The era of globalization which brought cheap goods, low inflation, rapid growth and inexpensive capital is transitioning to a new state. Globalization is not dead, but the makeup of its participants has shifted and the rules of global trade continue to be rewritten as businesses diversify where they source and make their goods. The impacts of these structural changes are profound.
This isn’t a new narrative; world trade as a percentage of world GDP has been on a downward slope since the global financial crisis. But strained government relations and new policies have pushed manufacturing further into this new era. As a result, industrial companies will need to assess alternative strategies and operational locations.
Trading with unfriendly nations like Russia is taboo. Trade with China in certain technologies related to telecom, computer chips and surveillance is verboten. The number of businesses and people on the U.S. Commerce Department’s restricted entity list doubled to nearly 1,200 between 1997 and 2000, and the world put 9,098 new sanctions on Russia since the start of the invasion into Ukraine. The saber rattling with China plus another term for current Chinese leadership is leaving businesses wary of further investment in the country.
Of course, global trade wasn’t always this way. The world embraced its last surge in global trade when the Berlin wall fell in 1989. Global trade became policy. In 1995 the World Trade Organization was founded to reduce tariffs, make trade smooth, predictable and free. Then China joined the WTO in 2001, codifying its shift as the factory of the world and the United States led the way by investing over $118 billion in China by 2021. U.S. living standards rose as did a global middle class through access to lower priced easy flowing goods, and job creation. Growth was high, and inflation stayed low.
But all of this has changed. Since 2016, the year-over-year percentage change of new U.S. foreign direct investment in China consistently slowed to single digits—signaling a more tepid investment appetite.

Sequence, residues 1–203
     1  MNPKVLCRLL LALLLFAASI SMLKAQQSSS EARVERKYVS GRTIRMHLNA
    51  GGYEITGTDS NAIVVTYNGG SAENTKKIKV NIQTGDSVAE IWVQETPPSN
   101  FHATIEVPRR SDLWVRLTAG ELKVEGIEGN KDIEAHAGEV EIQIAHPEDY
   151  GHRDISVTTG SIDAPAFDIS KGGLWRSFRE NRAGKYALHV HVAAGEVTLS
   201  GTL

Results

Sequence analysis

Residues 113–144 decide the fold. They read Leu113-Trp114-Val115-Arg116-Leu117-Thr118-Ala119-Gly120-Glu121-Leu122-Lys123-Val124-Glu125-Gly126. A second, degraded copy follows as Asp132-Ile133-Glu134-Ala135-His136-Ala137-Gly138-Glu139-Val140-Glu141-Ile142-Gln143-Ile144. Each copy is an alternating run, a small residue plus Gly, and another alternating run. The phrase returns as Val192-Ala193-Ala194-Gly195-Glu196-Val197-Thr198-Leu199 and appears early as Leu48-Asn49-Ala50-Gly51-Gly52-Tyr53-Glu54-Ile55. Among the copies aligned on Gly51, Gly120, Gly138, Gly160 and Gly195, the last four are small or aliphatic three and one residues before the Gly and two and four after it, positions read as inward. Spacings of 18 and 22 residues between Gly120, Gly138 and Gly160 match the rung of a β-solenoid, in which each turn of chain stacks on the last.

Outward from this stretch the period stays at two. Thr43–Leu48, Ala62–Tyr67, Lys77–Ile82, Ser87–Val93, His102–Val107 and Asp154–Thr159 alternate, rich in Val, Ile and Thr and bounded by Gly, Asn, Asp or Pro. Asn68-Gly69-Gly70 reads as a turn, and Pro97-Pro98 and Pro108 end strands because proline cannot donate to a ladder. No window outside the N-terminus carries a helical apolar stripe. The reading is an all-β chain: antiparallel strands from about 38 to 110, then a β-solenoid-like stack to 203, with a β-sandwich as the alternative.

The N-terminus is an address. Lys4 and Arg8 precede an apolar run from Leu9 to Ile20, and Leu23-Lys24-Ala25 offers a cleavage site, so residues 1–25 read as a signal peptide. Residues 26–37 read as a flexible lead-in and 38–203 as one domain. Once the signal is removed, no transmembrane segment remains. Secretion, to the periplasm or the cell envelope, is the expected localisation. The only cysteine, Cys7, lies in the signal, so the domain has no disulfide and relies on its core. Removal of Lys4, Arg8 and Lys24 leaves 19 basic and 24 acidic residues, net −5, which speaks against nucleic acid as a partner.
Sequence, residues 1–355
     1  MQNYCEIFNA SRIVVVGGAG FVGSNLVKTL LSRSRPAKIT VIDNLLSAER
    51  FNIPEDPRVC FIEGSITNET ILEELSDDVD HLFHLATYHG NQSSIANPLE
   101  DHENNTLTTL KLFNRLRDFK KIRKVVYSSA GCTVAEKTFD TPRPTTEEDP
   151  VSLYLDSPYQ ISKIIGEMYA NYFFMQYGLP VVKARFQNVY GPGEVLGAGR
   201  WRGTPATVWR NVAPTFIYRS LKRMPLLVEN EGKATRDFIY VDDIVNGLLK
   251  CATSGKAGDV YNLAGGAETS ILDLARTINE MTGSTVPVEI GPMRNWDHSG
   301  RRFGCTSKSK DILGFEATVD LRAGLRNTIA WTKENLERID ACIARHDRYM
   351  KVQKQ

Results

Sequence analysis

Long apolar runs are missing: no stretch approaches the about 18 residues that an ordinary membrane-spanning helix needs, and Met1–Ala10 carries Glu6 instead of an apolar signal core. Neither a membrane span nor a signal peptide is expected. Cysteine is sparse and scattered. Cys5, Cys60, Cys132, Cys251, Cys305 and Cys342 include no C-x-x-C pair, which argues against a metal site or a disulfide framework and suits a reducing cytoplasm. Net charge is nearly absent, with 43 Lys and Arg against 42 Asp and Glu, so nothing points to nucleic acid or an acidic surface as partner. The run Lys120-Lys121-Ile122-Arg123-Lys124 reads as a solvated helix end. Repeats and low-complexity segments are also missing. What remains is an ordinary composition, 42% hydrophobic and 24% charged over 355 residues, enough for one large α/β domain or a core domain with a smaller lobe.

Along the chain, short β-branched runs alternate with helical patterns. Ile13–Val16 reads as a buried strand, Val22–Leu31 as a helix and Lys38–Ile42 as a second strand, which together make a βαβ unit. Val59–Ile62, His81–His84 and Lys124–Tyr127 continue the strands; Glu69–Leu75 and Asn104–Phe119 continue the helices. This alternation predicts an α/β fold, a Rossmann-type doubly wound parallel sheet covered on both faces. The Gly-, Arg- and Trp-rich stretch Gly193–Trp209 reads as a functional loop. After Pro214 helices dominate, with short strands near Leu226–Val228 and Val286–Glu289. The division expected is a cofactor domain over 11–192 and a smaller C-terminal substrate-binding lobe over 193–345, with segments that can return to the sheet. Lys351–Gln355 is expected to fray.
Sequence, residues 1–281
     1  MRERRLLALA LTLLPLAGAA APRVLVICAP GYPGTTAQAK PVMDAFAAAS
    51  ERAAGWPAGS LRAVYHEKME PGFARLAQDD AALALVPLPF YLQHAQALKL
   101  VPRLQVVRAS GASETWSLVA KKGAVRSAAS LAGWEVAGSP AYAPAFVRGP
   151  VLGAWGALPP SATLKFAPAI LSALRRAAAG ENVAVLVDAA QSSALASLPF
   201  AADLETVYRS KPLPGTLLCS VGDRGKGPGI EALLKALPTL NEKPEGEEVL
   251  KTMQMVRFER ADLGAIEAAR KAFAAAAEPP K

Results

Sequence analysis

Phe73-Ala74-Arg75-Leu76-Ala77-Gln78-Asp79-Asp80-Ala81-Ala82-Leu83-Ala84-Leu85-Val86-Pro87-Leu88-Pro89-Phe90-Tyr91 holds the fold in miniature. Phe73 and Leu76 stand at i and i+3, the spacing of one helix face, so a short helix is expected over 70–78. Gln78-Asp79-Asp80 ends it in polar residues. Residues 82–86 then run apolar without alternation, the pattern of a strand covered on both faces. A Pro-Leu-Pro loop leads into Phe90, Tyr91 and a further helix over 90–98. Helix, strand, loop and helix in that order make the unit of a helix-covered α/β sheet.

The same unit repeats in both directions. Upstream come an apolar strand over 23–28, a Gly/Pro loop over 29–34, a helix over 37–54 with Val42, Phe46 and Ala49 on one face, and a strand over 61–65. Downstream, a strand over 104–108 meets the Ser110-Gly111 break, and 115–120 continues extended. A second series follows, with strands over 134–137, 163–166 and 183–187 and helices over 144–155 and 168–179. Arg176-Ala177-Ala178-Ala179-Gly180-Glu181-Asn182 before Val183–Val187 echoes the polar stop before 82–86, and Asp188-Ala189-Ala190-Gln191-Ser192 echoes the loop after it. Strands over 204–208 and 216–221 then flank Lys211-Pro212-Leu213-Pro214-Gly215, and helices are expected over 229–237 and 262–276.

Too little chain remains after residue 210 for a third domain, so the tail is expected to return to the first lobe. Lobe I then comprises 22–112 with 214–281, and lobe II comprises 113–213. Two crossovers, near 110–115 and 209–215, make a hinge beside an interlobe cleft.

Starting in 2018, the United States slapped tariffs on Chinese goods, and a trade war began. Then in early 2020, the pandemic sent shockwaves through global supply and demand. Two years later, war broke out in Europe and exacerbated inflation through the energy and commodity channels. Geopolitical tensions reset to cold war levels.
These events individually weren’t tipping points, but their cumulative shocks echoed throughout policymaking bodies and boardrooms the world over, leaving an indelible mark on the global economy.
New math, new incentives, different options
The total historical cost of U.S. foreign direct investment in China of $118 billion is slanted heavily to the manufacturing sector, with 48.2% (or $56 billion) going to food, chemicals, metals, machinery, computers, electrical equipment, transportation and other. After that, wholesale trade is the largest non-manufacturing sector and represents 15.5% or $18.3 billion of U.S. investment. These sectors represent the core investments in China that make and move goods and rapid change in these areas is difficult.
Now, calculations made 15 to 25 years ago about where to source and manufacture goods are outweighed by security interests, increased risk, productivity losses, higher costs and uncertainty.
A recent mix of legislative incentives and deterrents are creating an about face and helping create a U.S. renaissance in manufacturing for semiconductors, telecom materials and 5G infrastructure. Other incentivized U.S. investment priority areas include green energy equipment, active pharmaceutical ingredients, and strategic and critical minerals.
In August 2022, legislators signed the CHIPS and Science Act into law, directing $200 billion in spending on R&D and over $52 billion on semiconductor manufacturing over the next 10 years.